I looked out of my 4th floor window to see the sun rising behind the downtown Atlanta skyline. My heart was beating and the feeling in my stomach wasn’t just the early morning hunger and lack of coffee, but on this particular morning I was embarking on the biggest journey yet as a cheer coach. With a hot cup of coffee, sausage egg and cheese croissant digesting, I entered into the World Congress Center in downtown Atlanta for Cheersport Nationals. Greeted by smell of fresh aerosol hairspray and nearly blinded by the iridescence of rhinestone uniforms I walked into what will become one of the most important events in my history as a coach. As I zipped up my suitcase and rode the elevator that used to be crowded with cheerleaders and parents, now empty of even the scent of hairspray, I began to reflect on the amazing weekend. When reflecting on events there are three things that I think about in order to determine the event a success. Before I can determine it a success I have to measure experience, learning and victory. I am absolutely convinced that my first ever Cheersport Nationals was a success, and here is why.
Experienced is measured in two areas. 1) How was the experience? 2) Would the experience gained result in growth?
How was the Experience?
If you’ve never been to Cheersport Nationals, YOU HAVE TO MAKE IT A POINT TO GO! The experience was incredible to say the least. The atmosphere was amazing, warm ups (though intimidating at first) were the most fun they’ve ever been, and the stage… Let’s just say it’s an experience that must be had to understand. This leads me to my next area
Would the experience gained lead to growth?
Experience is important for growth. When you have experience in something you are able to perform the task in a related area with a level of expertise. This weekend was an incredible experience that will lead to amazing growth. With the magnitude of the event, and the high level of competition, there is experience gained that can carry athletes and coaches alike beyond their goals. This experience that I had the honor of sharing with my amazing athletes will absolutely prove to be a game changer in the life of our program. Every moment of this event brought experience that would teach us lessons on a personal level and organizational level, which will have a huge impact on the effectiveness of our coaches and the performance of our athletes. This can all be attributed to the lessons learned from the experience.
This is an easy one. Honestly, I feel like anyone can (and should) learn from every experience whether good or bad. So, there is no doubt in my mind that we have learned from this event. The difference here is that I left with a WEALTH of knowledge gained. Being able to look at what you’ve been doing from a different perspective is incredibly valuable, and getting able to do that while witnessing the best in the business doing what they do, helps in seeing areas where improvement is possible and everyone will benefit. From the athletes’ perspective, they too get to watch the best in the business at what they do and learn from them what it takes to be at their very best. I am absolutely convinced that this event was a great learning experience for all who went.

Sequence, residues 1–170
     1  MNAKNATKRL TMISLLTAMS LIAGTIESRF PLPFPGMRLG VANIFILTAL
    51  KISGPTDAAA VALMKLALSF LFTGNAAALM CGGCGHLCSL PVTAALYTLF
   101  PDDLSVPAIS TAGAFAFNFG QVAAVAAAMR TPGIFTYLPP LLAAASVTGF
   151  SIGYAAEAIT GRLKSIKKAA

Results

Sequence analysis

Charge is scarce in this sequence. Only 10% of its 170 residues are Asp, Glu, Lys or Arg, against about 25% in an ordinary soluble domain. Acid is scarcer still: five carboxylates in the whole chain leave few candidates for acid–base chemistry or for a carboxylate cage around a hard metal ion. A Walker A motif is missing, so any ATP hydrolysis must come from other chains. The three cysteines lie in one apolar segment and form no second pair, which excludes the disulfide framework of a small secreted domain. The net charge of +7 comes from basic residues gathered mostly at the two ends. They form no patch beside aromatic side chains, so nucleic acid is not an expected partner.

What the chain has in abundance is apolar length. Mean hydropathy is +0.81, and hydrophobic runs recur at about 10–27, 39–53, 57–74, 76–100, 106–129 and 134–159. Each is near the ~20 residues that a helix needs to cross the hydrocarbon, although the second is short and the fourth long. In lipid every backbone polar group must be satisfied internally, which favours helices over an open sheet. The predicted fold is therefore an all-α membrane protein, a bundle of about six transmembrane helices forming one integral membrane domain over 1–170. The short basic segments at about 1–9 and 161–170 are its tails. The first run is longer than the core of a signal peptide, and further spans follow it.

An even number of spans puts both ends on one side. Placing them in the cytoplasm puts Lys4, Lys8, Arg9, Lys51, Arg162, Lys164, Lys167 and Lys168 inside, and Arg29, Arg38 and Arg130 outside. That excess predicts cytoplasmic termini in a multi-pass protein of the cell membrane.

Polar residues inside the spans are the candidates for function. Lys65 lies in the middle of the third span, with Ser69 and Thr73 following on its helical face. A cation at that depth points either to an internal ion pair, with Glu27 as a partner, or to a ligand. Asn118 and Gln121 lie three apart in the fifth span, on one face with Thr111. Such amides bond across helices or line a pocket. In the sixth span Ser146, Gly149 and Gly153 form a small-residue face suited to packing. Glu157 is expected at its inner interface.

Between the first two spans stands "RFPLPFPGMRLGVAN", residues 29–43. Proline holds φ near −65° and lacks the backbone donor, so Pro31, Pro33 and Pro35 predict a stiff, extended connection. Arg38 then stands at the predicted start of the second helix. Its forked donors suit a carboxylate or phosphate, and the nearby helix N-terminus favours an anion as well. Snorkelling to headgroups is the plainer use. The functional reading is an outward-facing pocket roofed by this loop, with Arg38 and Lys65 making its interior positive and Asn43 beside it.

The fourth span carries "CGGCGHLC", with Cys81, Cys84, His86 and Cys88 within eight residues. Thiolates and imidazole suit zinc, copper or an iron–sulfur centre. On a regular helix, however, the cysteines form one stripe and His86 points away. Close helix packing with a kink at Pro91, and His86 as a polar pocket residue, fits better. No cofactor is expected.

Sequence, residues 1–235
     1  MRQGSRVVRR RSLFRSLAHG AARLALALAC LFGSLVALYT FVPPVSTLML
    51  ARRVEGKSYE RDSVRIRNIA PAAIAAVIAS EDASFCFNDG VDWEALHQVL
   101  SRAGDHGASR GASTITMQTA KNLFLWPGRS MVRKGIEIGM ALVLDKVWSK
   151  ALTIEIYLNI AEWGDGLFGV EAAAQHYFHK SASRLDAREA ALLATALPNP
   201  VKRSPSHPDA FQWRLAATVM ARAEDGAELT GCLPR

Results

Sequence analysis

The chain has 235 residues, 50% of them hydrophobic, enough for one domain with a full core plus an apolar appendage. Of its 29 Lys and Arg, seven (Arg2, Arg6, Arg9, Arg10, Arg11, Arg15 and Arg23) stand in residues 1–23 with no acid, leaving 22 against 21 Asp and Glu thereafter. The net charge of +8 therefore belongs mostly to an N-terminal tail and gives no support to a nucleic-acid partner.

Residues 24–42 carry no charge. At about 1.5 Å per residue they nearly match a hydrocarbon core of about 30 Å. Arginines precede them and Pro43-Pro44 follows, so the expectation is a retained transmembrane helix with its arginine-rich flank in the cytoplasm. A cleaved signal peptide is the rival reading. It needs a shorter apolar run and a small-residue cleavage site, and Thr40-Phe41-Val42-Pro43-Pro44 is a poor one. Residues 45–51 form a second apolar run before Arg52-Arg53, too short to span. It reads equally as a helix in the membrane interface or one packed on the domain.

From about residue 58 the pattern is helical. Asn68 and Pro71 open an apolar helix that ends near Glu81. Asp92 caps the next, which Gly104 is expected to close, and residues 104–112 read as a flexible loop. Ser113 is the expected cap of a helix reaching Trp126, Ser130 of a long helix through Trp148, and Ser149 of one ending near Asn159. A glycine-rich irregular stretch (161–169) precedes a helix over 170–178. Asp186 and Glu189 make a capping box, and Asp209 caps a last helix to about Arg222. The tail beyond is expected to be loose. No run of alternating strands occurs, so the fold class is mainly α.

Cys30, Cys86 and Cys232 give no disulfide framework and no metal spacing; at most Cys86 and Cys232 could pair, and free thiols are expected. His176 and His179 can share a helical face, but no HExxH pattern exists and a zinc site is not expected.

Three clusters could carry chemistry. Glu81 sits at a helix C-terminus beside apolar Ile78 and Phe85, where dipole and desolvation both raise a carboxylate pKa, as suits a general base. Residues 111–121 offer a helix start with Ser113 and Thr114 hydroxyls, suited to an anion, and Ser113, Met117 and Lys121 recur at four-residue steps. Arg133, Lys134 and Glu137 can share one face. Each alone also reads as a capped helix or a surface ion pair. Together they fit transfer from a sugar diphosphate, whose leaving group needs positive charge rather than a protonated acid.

Just like any competitive sport, we compete with the hopes of winning. The crazy thing about wining is that there is more to wining than just coming in first place. In fact, I am convinced that it is possible to take home first place without having won at all. However, placement is important, and when done right it will reveal to you where you stand with your competitors. This weekend, we placed pretty low in comparison to the rest of the world it seams, but as a young program there are other things that should be taken into consideration before expecting to place high in this sort of environment. When I personally looked back at placements, I noticed some very encouraging truths.
When it comes to my local competitors, we all placed similarly. In fact, each of the programs around us (even those whose name hold the most weight) placed almost exactly alike in their respected division. This is amazing news to me because that means that we are comparable as one of the youngest programs with those who have been around for many, many years. These programs that we have a great deal of respect for, are now comparable to us, and it has been shown on the largest stage of the year! To me, that is victory.
The most important area of victory that I look at is personal victory. In every group of athletes, there are some who have been struggling in one area or another. In every program, there are teams that have been struggling. When these athletes and teams go to a huge event like this one and conquer those giants, there is much a great cause for celebration! Watching an athlete finally overcome a mental block, or a team finally get that zero deduction routine are moments that will last a lifetime and victories that I prefer to celebrate. When you can look over a group of students who have worked so hard for you and see all of their personal victories, placement seems to matter a little less.
The joy of winning will last a short while when compared to the defeat of fear in the life of a young person. After all, confidence is worth more than any banner that can be won and hung on a wall.
When I look at all of these areas and reflect on this weekend I walk away convinced it was a success. Having had a great experience and now being more experienced as coaches and athletes, learning all of the valuable lessons offered, and recognizing all of the victories won reveals to me that this event was not only a success, but also a necessary stop in the journey that is every season.